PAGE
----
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2015-05-20 23:28:55 +0200 answered a question What's the best way to batch convert ODF to PDF on Windows?

FWIW, answer of rafik here gives a reasonable solution. Note also another information at the abovementioned page.

2015-05-20 19:58:30 +0200 commented answer convert-to command line parameter

P.S. In a .bat file (script) you need to change %f to %%f.

2015-05-20 19:48:08 +0200 commented answer convert-to command line parameter

FWIW: 1. Yes. 2. IMO, setting the path concerns executable files only (but I am not an guru for MS-DOS/Windows shell) 3. Yes (as an implication of 2.) 4. Very probably yes but I can't tell you how - MS-DOS shell manual should say more. But executing at first the set command and afterwards the for command solves the situation in any case (the path you set is definitely valid at least until the command prompt session terminates). Or you can create a .bat file and separate commands by newline.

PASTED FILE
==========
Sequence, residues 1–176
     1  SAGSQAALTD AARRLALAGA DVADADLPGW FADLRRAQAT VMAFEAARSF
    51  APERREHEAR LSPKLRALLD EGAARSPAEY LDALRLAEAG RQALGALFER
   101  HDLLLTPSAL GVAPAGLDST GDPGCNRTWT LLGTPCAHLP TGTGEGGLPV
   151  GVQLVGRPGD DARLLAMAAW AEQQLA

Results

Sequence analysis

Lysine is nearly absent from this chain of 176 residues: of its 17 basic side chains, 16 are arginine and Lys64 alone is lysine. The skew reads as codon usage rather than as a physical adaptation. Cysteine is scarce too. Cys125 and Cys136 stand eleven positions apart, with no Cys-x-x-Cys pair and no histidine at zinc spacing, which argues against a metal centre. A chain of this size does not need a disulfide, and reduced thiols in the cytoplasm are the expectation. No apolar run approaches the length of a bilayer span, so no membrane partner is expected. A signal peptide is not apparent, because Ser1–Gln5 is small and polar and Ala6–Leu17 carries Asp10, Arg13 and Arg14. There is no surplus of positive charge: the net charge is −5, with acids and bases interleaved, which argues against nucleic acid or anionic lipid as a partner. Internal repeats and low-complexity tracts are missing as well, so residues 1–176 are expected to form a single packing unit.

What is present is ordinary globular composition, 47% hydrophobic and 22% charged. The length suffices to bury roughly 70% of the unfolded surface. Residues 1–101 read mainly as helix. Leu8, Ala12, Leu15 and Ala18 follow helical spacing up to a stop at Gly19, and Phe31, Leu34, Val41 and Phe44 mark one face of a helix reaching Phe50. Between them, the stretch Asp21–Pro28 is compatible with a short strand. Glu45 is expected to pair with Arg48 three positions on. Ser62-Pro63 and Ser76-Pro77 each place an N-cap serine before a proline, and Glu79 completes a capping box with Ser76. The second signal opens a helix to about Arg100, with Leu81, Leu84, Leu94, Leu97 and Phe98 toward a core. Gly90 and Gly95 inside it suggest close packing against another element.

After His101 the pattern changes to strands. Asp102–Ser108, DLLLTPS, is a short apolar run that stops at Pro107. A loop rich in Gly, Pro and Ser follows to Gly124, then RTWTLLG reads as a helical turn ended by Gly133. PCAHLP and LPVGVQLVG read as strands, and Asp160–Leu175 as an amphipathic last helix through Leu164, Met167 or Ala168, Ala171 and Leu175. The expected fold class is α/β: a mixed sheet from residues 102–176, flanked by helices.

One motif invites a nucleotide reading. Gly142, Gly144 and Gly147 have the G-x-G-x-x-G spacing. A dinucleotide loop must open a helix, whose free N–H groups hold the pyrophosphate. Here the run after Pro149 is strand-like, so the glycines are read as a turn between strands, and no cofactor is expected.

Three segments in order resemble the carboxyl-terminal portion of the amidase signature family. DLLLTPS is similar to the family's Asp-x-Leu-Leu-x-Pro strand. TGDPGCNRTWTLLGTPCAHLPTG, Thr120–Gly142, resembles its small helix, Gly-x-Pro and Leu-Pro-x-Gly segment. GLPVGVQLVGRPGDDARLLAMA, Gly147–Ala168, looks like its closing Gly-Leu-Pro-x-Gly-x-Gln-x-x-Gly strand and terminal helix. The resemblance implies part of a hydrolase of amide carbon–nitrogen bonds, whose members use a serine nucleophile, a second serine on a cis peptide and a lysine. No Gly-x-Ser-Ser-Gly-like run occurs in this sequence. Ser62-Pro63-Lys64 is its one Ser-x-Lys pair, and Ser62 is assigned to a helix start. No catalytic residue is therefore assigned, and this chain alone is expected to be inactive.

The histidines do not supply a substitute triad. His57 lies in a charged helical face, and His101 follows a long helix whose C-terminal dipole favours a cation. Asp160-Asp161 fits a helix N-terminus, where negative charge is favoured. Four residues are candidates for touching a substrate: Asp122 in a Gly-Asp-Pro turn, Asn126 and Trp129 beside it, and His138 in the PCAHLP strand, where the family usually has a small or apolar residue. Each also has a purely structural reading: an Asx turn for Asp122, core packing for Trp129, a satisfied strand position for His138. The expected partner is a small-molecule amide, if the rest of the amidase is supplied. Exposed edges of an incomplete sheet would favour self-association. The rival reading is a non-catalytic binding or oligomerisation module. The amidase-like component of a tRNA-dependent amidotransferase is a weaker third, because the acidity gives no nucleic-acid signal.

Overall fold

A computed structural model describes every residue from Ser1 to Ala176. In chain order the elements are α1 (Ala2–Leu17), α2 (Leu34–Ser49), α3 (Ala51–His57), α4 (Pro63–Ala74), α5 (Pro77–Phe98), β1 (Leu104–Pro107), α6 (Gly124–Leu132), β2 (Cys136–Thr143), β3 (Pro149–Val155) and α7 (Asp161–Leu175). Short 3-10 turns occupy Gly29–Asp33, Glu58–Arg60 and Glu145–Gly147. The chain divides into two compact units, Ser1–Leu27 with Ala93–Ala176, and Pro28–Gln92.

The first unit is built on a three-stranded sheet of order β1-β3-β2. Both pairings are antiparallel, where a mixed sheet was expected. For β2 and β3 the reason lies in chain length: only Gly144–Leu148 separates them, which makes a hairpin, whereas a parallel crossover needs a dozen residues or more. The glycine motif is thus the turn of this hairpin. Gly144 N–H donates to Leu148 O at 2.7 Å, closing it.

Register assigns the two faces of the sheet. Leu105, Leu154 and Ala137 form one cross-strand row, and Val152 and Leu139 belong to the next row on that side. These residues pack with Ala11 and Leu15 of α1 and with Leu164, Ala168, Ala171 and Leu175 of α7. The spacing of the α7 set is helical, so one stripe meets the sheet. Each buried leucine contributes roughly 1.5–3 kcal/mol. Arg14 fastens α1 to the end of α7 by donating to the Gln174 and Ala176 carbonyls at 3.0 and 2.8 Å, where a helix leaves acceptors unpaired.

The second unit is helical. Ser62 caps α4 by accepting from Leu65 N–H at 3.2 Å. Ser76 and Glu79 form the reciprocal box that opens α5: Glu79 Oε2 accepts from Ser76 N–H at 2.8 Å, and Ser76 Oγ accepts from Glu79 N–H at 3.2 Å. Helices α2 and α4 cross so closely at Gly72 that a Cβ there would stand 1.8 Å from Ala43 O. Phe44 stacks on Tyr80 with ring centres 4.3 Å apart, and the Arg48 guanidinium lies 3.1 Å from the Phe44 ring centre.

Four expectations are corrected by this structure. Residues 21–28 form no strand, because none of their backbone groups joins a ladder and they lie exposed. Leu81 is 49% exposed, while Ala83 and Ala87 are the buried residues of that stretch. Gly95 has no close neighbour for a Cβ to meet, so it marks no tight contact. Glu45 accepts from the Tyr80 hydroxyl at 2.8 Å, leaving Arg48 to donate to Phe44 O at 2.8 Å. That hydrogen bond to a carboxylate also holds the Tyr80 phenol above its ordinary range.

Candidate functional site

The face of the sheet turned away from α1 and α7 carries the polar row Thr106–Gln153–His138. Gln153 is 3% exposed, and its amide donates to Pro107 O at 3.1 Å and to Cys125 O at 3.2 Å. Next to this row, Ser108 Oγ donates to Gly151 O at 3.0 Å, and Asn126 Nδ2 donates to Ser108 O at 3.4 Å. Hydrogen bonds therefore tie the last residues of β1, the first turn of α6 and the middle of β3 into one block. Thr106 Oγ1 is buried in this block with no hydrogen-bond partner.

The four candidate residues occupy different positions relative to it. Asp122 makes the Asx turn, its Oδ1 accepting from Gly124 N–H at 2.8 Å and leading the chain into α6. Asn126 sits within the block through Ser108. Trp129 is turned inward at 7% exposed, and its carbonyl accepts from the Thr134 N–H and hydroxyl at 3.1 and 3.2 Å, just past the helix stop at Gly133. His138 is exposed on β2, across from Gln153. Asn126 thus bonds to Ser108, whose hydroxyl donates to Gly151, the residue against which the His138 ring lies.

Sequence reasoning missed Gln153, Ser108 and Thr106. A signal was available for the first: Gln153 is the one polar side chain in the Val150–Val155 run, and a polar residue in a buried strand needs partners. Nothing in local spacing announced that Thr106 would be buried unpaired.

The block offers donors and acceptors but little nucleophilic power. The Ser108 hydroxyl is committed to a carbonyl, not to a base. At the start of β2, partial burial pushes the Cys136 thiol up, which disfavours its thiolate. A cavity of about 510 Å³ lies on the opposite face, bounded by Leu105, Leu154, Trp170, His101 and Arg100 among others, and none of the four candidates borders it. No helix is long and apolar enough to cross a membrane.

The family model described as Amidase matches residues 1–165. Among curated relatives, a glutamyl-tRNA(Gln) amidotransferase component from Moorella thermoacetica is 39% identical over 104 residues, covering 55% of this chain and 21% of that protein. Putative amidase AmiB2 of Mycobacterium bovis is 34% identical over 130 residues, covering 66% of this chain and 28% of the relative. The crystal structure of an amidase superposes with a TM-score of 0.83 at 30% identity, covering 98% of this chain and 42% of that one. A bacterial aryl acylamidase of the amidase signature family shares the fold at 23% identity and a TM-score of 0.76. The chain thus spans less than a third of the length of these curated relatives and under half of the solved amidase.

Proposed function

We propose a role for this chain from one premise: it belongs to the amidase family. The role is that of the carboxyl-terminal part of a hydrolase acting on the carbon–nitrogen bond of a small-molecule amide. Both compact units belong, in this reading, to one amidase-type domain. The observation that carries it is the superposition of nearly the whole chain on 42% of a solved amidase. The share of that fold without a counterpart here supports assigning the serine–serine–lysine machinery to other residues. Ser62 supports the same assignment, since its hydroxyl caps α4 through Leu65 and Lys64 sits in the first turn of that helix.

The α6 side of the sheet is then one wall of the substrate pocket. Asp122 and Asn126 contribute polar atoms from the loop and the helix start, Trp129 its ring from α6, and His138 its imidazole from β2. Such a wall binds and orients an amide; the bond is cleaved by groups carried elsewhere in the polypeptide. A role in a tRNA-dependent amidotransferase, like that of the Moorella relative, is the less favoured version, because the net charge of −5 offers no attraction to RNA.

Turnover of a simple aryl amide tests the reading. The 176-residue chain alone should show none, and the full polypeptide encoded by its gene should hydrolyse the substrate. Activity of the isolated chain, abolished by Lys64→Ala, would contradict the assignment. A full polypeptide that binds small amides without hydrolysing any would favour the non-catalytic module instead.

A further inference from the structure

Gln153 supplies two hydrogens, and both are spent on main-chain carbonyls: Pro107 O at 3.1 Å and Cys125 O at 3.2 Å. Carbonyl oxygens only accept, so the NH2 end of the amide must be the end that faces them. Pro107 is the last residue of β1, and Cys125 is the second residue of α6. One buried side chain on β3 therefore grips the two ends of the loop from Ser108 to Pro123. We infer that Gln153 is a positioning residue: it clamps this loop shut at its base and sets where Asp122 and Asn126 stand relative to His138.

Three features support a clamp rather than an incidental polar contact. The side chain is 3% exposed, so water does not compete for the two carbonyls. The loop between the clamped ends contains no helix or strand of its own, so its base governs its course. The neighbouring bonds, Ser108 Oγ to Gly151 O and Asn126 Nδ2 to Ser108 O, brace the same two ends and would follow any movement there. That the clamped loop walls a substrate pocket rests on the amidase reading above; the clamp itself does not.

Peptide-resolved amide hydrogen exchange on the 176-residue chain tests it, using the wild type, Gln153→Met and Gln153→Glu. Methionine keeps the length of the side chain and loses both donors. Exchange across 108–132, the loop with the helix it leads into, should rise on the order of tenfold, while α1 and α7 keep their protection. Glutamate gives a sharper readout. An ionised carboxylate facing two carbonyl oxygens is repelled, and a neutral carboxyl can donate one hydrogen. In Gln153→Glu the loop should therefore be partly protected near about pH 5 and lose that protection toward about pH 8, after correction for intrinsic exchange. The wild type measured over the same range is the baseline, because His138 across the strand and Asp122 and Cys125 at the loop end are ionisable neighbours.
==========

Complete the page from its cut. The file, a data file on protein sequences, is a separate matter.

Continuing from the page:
2015-05-20 19:27:27 +0200 commented answer convert-to command line parameter

[continued] it is not necessary to call it via start /wait command. Unfortunately, it is NOT true. At least on Windows Vista (I know, horrible OS - but it was not on my computer) it is necessary to use start /wait even in a batch, otherwise the conversion collapses. Update: Primary source for the incorrect information about the start command (Microsoft's site). LO version: 4.3.6.

2015-05-20 19:24:34 +0200 commented answer convert-to command line parameter

One more addendum: It is possible to read - for example here: http://www.computerhope.com/starthlp.htm , www.microsoft.com is silent about that - that “When executing an application that is a 32-bit GUI application, CMD.EXE does not wait for the application to terminate before returning to the command prompt. This new behavior does NOT occur if executing within a command script.”; so it should imply that when executing soffice.exe from a batch script,